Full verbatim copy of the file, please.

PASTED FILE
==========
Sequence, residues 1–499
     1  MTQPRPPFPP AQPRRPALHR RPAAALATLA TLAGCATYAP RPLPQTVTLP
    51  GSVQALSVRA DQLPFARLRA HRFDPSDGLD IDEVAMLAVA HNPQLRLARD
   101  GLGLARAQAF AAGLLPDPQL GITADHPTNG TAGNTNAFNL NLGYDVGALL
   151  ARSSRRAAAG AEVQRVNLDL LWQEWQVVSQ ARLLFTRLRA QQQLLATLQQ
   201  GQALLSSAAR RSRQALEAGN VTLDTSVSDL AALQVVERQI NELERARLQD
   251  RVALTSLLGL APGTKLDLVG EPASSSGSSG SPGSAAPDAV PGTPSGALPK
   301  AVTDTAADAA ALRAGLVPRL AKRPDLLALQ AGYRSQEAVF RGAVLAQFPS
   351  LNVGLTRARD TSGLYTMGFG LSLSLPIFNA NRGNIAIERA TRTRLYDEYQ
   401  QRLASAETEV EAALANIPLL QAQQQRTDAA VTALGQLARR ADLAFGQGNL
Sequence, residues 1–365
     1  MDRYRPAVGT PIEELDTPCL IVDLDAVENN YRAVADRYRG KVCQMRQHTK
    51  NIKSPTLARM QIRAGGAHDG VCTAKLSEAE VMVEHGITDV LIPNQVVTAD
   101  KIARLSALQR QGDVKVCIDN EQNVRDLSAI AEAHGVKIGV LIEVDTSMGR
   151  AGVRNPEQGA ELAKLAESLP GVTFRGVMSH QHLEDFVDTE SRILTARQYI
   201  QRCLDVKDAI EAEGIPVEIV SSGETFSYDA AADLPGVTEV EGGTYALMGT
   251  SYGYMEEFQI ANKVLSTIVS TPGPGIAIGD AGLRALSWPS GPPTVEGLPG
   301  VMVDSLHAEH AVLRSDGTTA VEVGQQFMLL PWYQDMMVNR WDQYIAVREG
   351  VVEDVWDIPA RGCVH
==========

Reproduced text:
Sequence, residues 1–499
     1  MTQPRPPFPP AQPRRPALHR RPAAALATLA TLAGCATYAP RPLPQTVTLP
    51  GSVQALSVRA DQLPFARLRA HRFDPSDGLD IDEVAMLAVA HNPQLRLARD
   101  GLGLARAQAF AAGLLPDPQL GITADHPTNG TAGNTNAFNL NLGYDVGALL
   151  ARSSRRAAAG AEVQRVNLDL LWQEWQVVSQ ARLLFTRLRA QQQLLATLQQ
   201  GQALLSSAAR RSRQALEAGN VTLDTSVSDL AALQVVERQI NELERARLQD
   251  RVALTSLLGL APGTKLDLVG EPASSSGSSG SPGSAAPDAV PGTPSGALPK
   301  AVTDTAADAA ALRAGLVPRL AKRPDLLALQ AGYRSQEAVF RGAVLAQFPS
   351  LNVGLTRARD TSGLYTMGFG LSLSLPIFNA NRGNIAIERA TRTRLYDEYQ
   401  QRLASAETEV EAALANIPLL QAQQQRTDAA VTALGQLARR ADLAFGQGNL
Sequence, residues 1–365
     1  MDRYRPAVGT PIEELDTPCL IVDLDAVENN YRAVADRYRG KVCQMRQHTK
    51  NIKSPTLARM QIRAGGAHDG VCTAKLSEAE VMVEHGITDV LIPNQVVTAD
   101  KIARLSALQR QGDVKVCIDN EQNVRDLSAI AEAHGVKIGV LIEVDTSMGR
   151  AGVRNPEQGA ELAKLAESLP GVTFRGVMSH QHLEDFVDTE SRILTARQYI
   201  QRCLDVKDAI EAEGIPVEIV SSGETFSYDA AADLPGVTEV EGGTYALMGT
   251  SYGYMEEFQI ANKVLSTIVS TPGPGIAIGD AGLRALSWPS GPPTVEGLPG
   301  VMVDSLHAEH AVLRSDGTTA VEVGQQFMLL PWYQDMMVNR WDQYIAVREG
   351  VVEDVWDIPA RGCVH